Career Advice From Instagram’s Most Unlikely Star
He’s been featured in Frankie, on the BBC and Huffington Post, as well as on Channel 7’s Sunrise, and his crocheted creations are currently on loan to various galleries in Paris. Meet Phil Ferguson, the 23-year-old whiz behind Instagram account ChiliPhilly, which has garnered over 139K fans in just a year and a half.
If you haven’t seen these giant crocheted foodstuffs before, you need to start following, now. We’re talking quirky headgear in the form of burgers, pancake stacks, meat pies and eggplants, so deliciously made they’ll have you drooling.
Phil started ChiliPhilly back in August 2014 to meet like-minded creatives. “I’d just moved over from Perth to Melbourne with my roommate on a whim. After settling down, I realised that I didn’t know enough people. So I decided the best way to meet people was to use my Instagram account to actively network.”
Enter the hats. “It’s very visual. My account isn’t just me, it’s stuff I’ve made. By people being interested in what I do, I know we have common interests.” He laughs. “My Instagram is a reflection of how I respond to things. I was telling my friends back in Perth about it, they were like ‘that is such a Phil way to respond to the situation of friends’.”
The first time he went viral was in December 2014. Frankie magazine had contacted him for a feature and once the magazine hit the shelves, his number of Instagram followers shot up meteorically. The second time was in mid 2015, on the tail of some press activity. “The first time was just ‘this guy makes cool hats’. But the second time was because I did an interview for BBC, and the main point was that I used my account as a friend-making tool. And that was when Instagram featured me, and I started being on TV and everything started picking up again from there.”
The formula for success
Phil didn’t actively pursue publicity; the media contacted him. For him, the secret to success is “to make sure that you develop your idea, know what you’re doing and do it well.” He knew that if he stuck to that tenet, sooner or later, the recognition would come. “I had the confidence to know it was going to go viral, because I really thought about it well and it was an idea that developed over time. It didn’t happen by chance. At the end of the day you have to make sure that it’s the best you can make it. Otherwise no one’s going to respond to it.”
“I really thought about it well and it was an idea that developed over time. It didn’t happen by chance.”
It’s also good to start a project with some clear goals in mind. He says, “when I first started my Instagram account, I had three mental goals in my head. One was to be in Frankie, the second one was to be on Sunrise and then the third one was to be in this gay magazine.” Within two months, Frankie magazine had contacted him to do a spread. And a year later, he was being filmed lived on Sunrise.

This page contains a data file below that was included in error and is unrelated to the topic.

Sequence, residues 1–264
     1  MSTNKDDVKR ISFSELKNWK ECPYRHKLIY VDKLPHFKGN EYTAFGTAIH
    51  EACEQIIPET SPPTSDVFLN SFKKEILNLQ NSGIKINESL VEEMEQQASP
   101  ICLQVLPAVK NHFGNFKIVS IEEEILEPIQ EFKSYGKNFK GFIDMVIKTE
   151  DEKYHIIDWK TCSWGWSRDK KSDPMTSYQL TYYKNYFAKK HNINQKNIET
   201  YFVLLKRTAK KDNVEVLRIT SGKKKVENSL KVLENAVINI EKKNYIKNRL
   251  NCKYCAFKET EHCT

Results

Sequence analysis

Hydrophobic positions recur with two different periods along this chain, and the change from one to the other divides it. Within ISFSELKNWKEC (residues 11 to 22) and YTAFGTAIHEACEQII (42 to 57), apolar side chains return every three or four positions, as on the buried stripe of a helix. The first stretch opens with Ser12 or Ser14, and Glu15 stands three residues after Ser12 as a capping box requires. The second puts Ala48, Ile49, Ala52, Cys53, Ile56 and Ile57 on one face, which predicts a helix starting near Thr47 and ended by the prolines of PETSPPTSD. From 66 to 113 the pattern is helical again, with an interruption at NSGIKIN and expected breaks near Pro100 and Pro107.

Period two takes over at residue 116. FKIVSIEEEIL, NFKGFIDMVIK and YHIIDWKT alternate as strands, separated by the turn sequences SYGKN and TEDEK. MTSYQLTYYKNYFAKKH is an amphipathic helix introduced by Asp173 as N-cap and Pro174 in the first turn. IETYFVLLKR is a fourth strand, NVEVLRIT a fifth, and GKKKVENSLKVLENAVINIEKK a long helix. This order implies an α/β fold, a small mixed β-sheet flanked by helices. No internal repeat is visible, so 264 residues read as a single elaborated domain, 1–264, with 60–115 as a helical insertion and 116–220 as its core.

He attributes his success to being able to trust his instinct; “I really kind of taught myself to go with my gut over things.” In Melbourne, Phil quit his day job when his star was rising because he knew he wasn’t maximising his time. For him, quitting was a judgment call, and not one he could have made without that gut instinct. He’s the first to admit that being a social media sensation isn’t in itself a lucrative career. “You can make a living out of it, but unless you’re doing other things you can’t actually save.”
Do it for love not money
Money was never the motivation behind ChiliPhilly though. “From a young age, art was the only thing I was interested in as a career. It’s the thing that drives me in life.” He adds, “I was always ‘that boy who did art’ in primary school.”
He studied Fine Art at university but acknowledges that often creating art isn’t seen as a viable career choice, recounting the story of a woman he met at an exhibition. “She came up to me and said, ‘but you have a job, don’t you?’”
For Phil, there was never an alternative. “I would naturally just want to be doing these things because I enjoy it, I can spend my life doing them, creating art.”
One of the rewards of having such a strong online presence is being able to leverage his public profile for causes he believes in. He’s an ambassador for the Satellite Foundation, which supports children of parents with mental illness. “I’m really lucky that I’ve got an audience. It’s opened up the opportunity to talk about things that I can identify with,” says Phil. When the fires swept through Western Australia last year, close to his family home, he used his Instagram account to raise funds for the firefighting efforts.
Looking to the future
Phil is aware of the pitfalls of internet fame. “One thing I always think about is that you see some people on the internet, and they have their thing and then they disappear. And that’s their 15 minutes up.”
Rather than considering himself a social media sensation, he sees himself as an artist first and foremost, and his Instagram account an ongoing project. “The work I’m doing is based around social media and I’ve got my audience through that, but social media and the hats are just one element of what I’m able to do.”
He accepts that he’s still young and for the time being is happy to go with the flow. “I want to take it as it comes because you don’t want to plan so far ahead that you’re put under pressure. Something I realised over this period of time is that I’m so young, I still have all this time to sort everything out, and figure out what I want to do overall.”
In the meantime, he has an arts residency in Melbourne and a few collaborations coming up to occupy him. And of course, his hats.